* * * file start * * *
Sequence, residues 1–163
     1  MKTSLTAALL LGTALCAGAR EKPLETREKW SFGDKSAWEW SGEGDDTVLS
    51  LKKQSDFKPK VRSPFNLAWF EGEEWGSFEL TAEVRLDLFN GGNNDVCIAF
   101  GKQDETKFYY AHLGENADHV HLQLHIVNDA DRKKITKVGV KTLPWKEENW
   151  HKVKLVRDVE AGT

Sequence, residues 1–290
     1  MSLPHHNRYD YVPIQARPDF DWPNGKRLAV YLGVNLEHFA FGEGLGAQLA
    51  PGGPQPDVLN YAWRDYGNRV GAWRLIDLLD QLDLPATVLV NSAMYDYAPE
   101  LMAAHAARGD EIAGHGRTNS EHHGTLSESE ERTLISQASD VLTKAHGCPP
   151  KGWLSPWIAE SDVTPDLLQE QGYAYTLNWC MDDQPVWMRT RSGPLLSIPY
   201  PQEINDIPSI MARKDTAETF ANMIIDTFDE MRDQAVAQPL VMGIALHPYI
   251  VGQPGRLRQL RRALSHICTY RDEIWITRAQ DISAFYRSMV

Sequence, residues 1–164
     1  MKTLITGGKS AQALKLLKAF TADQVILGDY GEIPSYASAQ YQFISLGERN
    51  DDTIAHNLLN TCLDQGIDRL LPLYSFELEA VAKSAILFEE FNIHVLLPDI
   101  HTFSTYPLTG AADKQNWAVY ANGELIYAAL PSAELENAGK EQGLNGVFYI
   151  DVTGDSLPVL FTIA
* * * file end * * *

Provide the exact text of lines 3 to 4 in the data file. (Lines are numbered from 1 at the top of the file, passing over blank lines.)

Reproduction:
    51  LKKQSDFKPK VRSPFNLAWF EGEEWGSFEL TAEVRLDLFN GGNNDVCIAF
   101  GKQDETKFYY AHLGENADHV HLQLHIVNDA DRKKITKVGV KTLPWKEENW